Hormone- and Antibiotic-Free Procurement
The Agricultural Marketing Service purchased over 333 million pounds of chicken for the USDA Foods program last year.1 That’s more than double the amount of beef purchases at 157 million pounds. Turkey came in third at 92 million pounds. The take away: schools are a huge market for these products. They are also a vulnerable population.
Concerns of the growing, antibiotic-resistant salmonella known as the “super-bug” in our meat supply have sparked a small but persistent interest in the school food market for procurement of “antibiotic-free” (ABF) or “raised without antibiotics” (RWA) poultry. In beef, the issue expands to hormones since cattle are targeted for both growth and health as they mature to slaughter weight in feedlots.
The Environmental Working Group published “Superbugs Invade American Supermarkets,” which details existing problems and they continue to track the health and environmental impact of the meat industry with their Meat-Eaters Guide. Pew Charitable Trust’s Campaign for Human Health and Industrial Farming has been informing the public for several years through their policy research on the environmental impact of America’s appetite for chicken, the most recent being “The Business of Broilers-Hidden Costs of Putting a Chicken on Every Grill.” Finding adequate supplies of ABF chicken is challenging which highlights the importance of Pew Charitable Trust and Environmental Working Group’s policy work on this issue.
How realistic is it to locate ABF poultry or hormone- and antibiotic-free beef for your school programs? Can you afford it? How can you ensure that the producers are completely transparent with their on-farm practices? There are few labels other than certified organic that offer confidence given the massive industrialization of the meat and poultry industry in the United States. In 2011, School Food Focus published the first purchasing guidelines and RFP language for school and institutional food service buyers to procure ABF chicken. This came about as the result of poultry procurement shifts, first in St. Paul Public Schools (SPPS) in 2009, and later in Chicago Public Schools (CPS) in 2011. The genesis of the ABF procurement concept in Chicago was a collaboration between SFF, CPS, and a team from Whole Foods Market (WFM) that looked at the possibility of the schools purchasing the legs of the organic chicken that WFM purchases primarily for their breast meat.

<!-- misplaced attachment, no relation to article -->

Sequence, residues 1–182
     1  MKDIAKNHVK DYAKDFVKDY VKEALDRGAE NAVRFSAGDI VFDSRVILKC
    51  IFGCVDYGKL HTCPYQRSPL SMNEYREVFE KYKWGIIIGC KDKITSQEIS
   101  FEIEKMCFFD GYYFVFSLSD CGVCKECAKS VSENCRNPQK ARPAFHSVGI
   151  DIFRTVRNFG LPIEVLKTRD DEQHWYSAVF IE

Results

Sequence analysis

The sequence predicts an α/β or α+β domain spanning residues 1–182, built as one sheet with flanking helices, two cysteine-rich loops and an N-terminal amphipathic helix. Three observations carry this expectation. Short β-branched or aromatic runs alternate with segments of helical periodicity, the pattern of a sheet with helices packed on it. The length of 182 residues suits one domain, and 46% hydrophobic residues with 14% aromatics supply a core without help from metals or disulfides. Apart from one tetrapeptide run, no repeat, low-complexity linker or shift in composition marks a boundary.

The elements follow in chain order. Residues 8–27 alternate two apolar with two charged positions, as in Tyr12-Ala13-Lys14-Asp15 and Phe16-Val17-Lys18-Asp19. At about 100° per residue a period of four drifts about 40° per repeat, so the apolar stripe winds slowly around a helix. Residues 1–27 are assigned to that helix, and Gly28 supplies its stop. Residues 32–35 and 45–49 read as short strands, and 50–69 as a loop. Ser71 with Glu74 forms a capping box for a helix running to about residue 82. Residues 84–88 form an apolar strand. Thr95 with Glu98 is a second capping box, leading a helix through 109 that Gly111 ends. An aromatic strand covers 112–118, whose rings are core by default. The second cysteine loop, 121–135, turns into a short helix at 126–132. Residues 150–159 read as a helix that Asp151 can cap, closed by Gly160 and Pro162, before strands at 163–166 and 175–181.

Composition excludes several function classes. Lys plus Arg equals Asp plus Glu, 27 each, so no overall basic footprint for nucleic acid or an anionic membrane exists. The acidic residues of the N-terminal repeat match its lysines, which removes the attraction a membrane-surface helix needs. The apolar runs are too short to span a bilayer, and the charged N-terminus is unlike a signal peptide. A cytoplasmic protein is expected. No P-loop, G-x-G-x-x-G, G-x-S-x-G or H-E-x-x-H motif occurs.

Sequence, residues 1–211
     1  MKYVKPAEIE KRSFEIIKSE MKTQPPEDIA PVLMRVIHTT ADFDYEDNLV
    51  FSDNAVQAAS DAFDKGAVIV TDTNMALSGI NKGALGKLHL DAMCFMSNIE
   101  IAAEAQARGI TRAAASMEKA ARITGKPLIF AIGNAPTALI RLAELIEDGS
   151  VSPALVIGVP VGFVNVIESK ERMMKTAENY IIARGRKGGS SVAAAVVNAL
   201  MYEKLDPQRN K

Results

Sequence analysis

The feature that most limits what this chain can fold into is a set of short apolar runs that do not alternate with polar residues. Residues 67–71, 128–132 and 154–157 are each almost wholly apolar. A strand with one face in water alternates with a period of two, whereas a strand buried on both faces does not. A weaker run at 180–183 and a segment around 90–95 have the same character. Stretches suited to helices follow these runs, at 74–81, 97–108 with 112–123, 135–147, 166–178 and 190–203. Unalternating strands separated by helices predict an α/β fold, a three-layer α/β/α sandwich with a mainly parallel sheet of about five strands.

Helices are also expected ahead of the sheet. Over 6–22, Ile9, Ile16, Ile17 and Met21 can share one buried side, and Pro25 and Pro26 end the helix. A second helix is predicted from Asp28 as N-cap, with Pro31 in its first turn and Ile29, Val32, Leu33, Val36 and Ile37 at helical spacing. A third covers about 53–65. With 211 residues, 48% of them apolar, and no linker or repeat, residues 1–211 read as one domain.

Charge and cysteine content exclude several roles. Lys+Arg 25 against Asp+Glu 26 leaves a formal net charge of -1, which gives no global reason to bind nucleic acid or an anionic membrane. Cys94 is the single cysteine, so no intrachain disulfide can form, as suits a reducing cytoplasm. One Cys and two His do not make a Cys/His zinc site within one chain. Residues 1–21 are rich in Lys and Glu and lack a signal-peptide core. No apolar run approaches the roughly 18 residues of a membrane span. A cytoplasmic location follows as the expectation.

To date, Chicago Public Schools is purchasing more ABF chicken than any other regular school district within the United States. In a quest to find a regular supply of ABF chicken, Chartwells, one of Chicago’s food service management companies in 2013, collaborated with Family Farmed—an Illinois non-profit working to support the growth of regional agriculture—to develop a Request for Information (RFI) to locate producers. Chicago Public Schools successfully secured a contract with Miller Poultry of Indiana. The School Food Focus guide and the example of the Chicago RFI can assist you with developing procurement in this area. As well, connecting to producers via your state’s Department of Agriculture and extension services and discussing your desire to procure hormone- and antibiotic-free products with your existing vendors can all be avenues to success.
Farm Logix based in Chicago has developed a turn-key local foods program that is currently available to districts in their area with plans to expand into other markets. They have a specific focus on ABF chicken in their Farm to School services for which they connect the farm product to existing distribution networks. This facilitates integration into a district’s procurement model.
Cost for ABF is higher than non-ABF chicken. In order to offset the price, many districts focus on legs or thighs, which are cuts that are essentially a by-product of the ever-popular breast meat consumption in the United States. The most common school use of hormone- and antibiotic-free beef is ground beef, either bulk or formed into patties. All beef hot dogs are also fairly common. As with any other menu decision, evaluating the cost of a serving is not adequate for determining how you can incorporate it in to your menu. Determining the frequency and potential volume is critical. Alignment with your districts procurement protocol can support the investment in the food. Efficiencies in labor and increased participation can support the decision to add ABF poultry and hormone- and antibiotic-free meat to your menus.
Remember, it is important to market this aspect of your work to your community as many people will be supportive and, in turn, will support your program when they understand your commitment to fresh, safe food. We hope that the public demand for change in the use of pharmaceuticals in livestock management will ultimately result in broader adoption and that the USDA Foods will be updated to reflect a hormone- and antibiotic-free product profile.
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